Many writers used their romantic partners as inspiration for characters and plot lines: Tolstoy's courtship of his wife, Sophia, became the model for Levin's wooing of Kitty in Anna Karenina, while Gustave Flaubert shamelessly infused intimate details about his mistress into the titular Madame Bovary. But some scribes owe much more to their significant others. These career-defining books might never have graced our shelves if it weren't for writers' strong-willed other halves.
The original manuscript of Stevenson's classic tale about man's dual nature was consigned to the flames. After inspiration for the story came to the writer in a dream, he presented his wife, Fanny, with an early draft, declaring it the best thing he had ever written. She thought it was the worst. Fanny wrote pages of criticism detailing how Stevenson should structure the story, sparking heated arguments. To ensure her husband complied with a re-write, she burned what he had written.
The revamped version of the book catapulted the Scottish writer to fame on both sides of the Atlantic, becoming an instant bestseller. Part psychological thriller, part gothic horror tale, the novella follows a London lawyer's investigation into the mysterious link between his friend, Dr. Henry Jekyll, and the shadowy evildoer Edward Hyde. Morally opposed yet mortally linked, the mild-mannered doctor and his demonic alter ego are in fact two sides of the same personality, proving Jekyll's assertion "that man is not truly one, but truly two."
Gertrude Stein could have toiled forever in obscurity if not for her longtime love, Alice. The writer's late-blooming rise to fame came when she was nearly 60, with The Autobiography of Alice B. Toklas. Contrary to its tongue-in-cheek title, the memoir was penned by Gertrude and tells the couple's life story in Alice's voice. The book charmed American audiences with its depiction of the couple's unconventional life in Paris, where they lived together openly and hosted a legendary salon. Readers were mesmerized by Stein's colorful stories about Picasso, Hemingway, Man Ray and other artistic luminaries who frequented 27 rue de Fleurus during the glittering 1920s.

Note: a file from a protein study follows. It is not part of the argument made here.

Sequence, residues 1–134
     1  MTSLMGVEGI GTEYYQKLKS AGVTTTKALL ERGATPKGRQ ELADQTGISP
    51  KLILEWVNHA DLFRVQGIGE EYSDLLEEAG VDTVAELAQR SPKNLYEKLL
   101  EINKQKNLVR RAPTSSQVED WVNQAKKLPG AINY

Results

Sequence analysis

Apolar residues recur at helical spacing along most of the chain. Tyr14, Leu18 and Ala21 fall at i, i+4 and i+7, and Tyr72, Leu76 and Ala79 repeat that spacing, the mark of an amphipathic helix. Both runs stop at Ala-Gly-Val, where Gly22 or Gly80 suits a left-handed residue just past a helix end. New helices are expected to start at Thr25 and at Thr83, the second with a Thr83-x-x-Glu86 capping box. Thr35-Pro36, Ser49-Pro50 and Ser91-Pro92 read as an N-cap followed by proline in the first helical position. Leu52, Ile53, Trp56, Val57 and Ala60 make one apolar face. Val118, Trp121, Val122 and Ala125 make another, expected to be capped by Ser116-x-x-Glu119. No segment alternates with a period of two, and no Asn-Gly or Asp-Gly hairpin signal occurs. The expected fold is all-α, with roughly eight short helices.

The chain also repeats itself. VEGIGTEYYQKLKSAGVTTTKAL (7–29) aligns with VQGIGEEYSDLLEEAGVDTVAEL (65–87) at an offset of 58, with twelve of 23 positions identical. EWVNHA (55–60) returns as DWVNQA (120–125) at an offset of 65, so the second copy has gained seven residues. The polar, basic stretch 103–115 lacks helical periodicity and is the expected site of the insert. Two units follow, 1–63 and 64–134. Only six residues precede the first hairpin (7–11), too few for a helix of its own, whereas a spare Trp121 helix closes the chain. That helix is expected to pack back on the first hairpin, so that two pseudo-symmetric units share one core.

Alice once dreamed of becoming a professional pianist but instead devoted herself to nurturing Gertrude's career. Not only was she Gertrude's typist, sounding board, critic, editor, publicist and muse, she also did the dirty work like dumping friends that had worn out their welcome. An acquaintance of the pair once wondered what Alice would have been without Gertrude. But perhaps the real question is: What would Gertrude have been without Alice?
The precocious heroine of the Claudine novels owes her existence to Colette's manipulative husband, Willy. Upon discovering his young bride had a way with words, Willy reportedly installed her in a room and forced her to write each day until she had finished the requisite number of pages, which he then published under his own name.
Colette drew upon her experiences growing up in rural Burgundy to create the witty, outspoken Claudine, a provincial schoolgirl who later moves to Paris and winds up with a rakish husband (a romanticized version of Willy). Claudine was the Bridget Jones of the early 20th century, one of the first truly modern girl-women in literature and an overnight sensation. She launched onto the scene as a rebellious teen who develops a heady crush on her school's assistant headmistress, who has "lovely eyes" and a "supple body." Claudine's naughty antics and amusing observations artfully capture the willfulness and sensuality of youth.
When Colette split from Willy, she walked away without any of her royalties. But she closed the book on her villainous husband by becoming one of France's most celebrated writers in her own right—and having his name removed from the Claudine novels after his demise.
Shannon McKenna Schmidt and Joni Rendon are the authors of Writers Between the Covers: The Scandalous Romantic Lives of Legendary Literary Casanovas, Coquettes, and Cads.